That Morning

I originally wrote this in 2009 on a now-defunct site. Reposting here.

As I parked the car near the Woodley Park metro that morning eight years ago, I remember NPR reporting that a plane had hit the World Trade Center. I thought about how odd it was that a plane (I imagined it was a Cessna or something) could have managed to hit such a large building on such a perfect day, and I was hurrying to work at the Capitol building anyway. I boarded the metro a few minutes before 9 a.m., and was underground for the next 25 minutes, without news.

When I came out of the escalator at Capitol South, there was a larger crowd than usual standing around. They were looking across the river at a plume of smoke in Virginia, but nobody was saying much of anything. There was no shouting or crying. Nobody seemed to know what was going on. I walked to the Cannon House Office Building and the cops inside didn’t say anything unusual when I went through security. I walked downstairs to the basement to cross over the Capitol – this was about 9:35 now – and didn’t see anybody until I arrived at the last security checkpoint before the tunnel to the House side. The Capitol Police officer waved me through, and as I was picking up my stuff I heard a garbled voice from his radio. It said something about a plane being possibly headed to the Capitol.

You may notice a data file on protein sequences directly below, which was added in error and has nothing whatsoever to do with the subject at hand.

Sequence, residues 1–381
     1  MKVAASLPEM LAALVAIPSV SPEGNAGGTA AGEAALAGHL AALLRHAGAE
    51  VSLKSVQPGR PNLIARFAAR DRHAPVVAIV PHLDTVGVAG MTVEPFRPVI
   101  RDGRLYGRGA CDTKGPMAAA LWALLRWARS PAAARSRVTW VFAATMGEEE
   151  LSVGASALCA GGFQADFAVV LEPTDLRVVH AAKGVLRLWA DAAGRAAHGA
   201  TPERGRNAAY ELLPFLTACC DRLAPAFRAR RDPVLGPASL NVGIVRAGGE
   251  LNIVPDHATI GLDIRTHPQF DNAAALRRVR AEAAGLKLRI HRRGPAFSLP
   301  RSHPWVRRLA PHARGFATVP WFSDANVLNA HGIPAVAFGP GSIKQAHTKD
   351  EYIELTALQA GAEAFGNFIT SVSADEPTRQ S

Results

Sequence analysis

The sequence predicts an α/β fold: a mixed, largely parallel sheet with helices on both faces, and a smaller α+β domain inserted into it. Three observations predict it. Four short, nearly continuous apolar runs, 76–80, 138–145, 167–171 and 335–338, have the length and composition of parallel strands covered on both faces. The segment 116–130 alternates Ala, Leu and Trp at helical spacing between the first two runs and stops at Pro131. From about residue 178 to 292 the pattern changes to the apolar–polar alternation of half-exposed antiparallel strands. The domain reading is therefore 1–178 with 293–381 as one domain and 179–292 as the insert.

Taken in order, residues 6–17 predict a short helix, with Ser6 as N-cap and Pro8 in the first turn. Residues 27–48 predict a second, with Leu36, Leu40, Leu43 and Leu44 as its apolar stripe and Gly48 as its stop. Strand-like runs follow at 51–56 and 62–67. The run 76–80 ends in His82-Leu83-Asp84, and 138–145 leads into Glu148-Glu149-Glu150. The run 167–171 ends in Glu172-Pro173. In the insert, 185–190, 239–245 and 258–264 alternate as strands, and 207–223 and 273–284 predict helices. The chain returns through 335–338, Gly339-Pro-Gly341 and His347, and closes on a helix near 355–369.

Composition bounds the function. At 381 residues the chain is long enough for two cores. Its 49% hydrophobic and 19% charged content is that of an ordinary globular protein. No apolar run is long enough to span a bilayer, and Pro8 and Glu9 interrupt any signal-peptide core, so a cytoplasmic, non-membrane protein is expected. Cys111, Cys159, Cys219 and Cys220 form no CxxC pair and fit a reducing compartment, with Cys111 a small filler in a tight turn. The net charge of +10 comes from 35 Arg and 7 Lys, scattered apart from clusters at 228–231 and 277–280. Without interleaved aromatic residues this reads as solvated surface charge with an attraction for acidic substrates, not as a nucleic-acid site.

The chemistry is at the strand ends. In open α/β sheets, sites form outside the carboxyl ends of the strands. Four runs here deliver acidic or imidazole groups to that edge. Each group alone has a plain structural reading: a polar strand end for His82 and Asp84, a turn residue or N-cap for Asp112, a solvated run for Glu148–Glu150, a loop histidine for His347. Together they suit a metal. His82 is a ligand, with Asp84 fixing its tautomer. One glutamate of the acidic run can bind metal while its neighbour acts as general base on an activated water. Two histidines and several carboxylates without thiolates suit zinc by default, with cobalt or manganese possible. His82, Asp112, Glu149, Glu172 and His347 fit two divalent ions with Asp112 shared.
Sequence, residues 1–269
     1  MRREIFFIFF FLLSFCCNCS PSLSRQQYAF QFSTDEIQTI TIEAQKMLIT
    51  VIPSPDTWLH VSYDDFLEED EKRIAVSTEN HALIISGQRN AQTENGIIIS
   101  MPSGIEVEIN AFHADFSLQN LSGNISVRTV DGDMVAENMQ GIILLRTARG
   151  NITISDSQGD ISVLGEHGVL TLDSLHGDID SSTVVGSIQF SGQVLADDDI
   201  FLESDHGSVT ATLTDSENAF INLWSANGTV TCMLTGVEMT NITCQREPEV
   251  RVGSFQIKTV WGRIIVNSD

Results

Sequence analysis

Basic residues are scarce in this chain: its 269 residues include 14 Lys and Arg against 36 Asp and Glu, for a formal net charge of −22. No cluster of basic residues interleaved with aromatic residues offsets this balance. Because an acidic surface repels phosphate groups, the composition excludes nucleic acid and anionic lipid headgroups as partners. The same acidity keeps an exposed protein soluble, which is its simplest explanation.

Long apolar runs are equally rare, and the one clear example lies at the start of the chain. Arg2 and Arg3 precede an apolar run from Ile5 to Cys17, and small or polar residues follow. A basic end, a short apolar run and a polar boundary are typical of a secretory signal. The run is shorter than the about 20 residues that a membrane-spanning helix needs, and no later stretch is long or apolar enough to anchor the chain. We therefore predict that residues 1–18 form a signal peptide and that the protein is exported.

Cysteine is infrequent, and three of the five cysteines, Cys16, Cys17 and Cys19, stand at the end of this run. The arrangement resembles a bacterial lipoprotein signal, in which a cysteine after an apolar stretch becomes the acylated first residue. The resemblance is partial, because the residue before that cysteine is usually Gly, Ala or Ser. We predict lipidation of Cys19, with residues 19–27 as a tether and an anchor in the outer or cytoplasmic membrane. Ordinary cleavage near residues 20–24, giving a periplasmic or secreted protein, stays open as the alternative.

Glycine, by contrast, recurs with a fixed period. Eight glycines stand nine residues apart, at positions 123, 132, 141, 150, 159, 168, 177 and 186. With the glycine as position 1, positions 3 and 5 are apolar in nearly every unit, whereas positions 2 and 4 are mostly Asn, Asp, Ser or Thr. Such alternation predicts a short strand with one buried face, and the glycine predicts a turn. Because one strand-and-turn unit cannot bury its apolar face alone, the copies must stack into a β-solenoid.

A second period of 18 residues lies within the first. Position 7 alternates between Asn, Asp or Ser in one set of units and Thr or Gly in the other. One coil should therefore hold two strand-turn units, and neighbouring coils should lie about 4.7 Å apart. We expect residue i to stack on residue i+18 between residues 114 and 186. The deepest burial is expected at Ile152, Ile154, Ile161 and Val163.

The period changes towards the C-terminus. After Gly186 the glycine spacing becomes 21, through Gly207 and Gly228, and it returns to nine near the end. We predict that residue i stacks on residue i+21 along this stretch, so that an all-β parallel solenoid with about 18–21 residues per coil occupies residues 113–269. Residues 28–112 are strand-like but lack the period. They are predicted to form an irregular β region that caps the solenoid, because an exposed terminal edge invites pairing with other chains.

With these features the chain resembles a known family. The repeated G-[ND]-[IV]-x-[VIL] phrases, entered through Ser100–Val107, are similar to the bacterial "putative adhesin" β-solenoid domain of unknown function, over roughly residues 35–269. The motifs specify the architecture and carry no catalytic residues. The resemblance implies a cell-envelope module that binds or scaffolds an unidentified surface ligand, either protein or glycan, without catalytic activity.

I looked up at the officer, but I don’t remember his response. My attention was grabbed by a staffer who worked for then Rep. Dick Armey of Texas, the House Republican leader. He was running, flat-out, in his suit, down the gentle slope away from the Capitol. “Hey, what’s going on?” I yelled. “I’m getting out of here!!” was his reply. And he sped past me. It was the first time I had seen any panic that morning, and this particular guy was somebody who didn’t seem to scare easily.

I turned around and walked over to the House Clerk’s office in the basement of Cannon. The television was on, and I saw the WTC burning. I grabbed a phone and called Leslye, who was at work in Columbia Heights. “Where are you?”, she asked. I told her I was in the basement of a House office building. “What are you still doing there? Get out!”. I told her I would. Then the first tower fell, and I ran outside.

I saw my colleague Bill Swindell outside of Cannon, and he told me that he had been on the Blue line at the Pentagon station just before a plane hit that building. He was nervous – we both were now – and after standing around for a few minutes we decided to head to CQ’s offices in Dupont Circle (the one time the location ever made sense, I guess). We walked past the Capitol, heading north, where we saw a police officer standing on the roof of the Supreme Court building. He was looking east – for oncoming planes. The rumors were flying now: there was a plane headed to the Capitol, or the White House.

It took us a long time to walk back to Dupont, as we took in a changed city. There was an anti-aircraft battery set up along Massachusetts Avenue. People were ushering school children out of a building behind Union Station. Nobody had cell phone reception. We were paralyzed. What I really remember, more than anything that morning, is how quiet it was on the streets. Unlike New York, unlike the Pentagon, we were rendered helpless without much of a sound.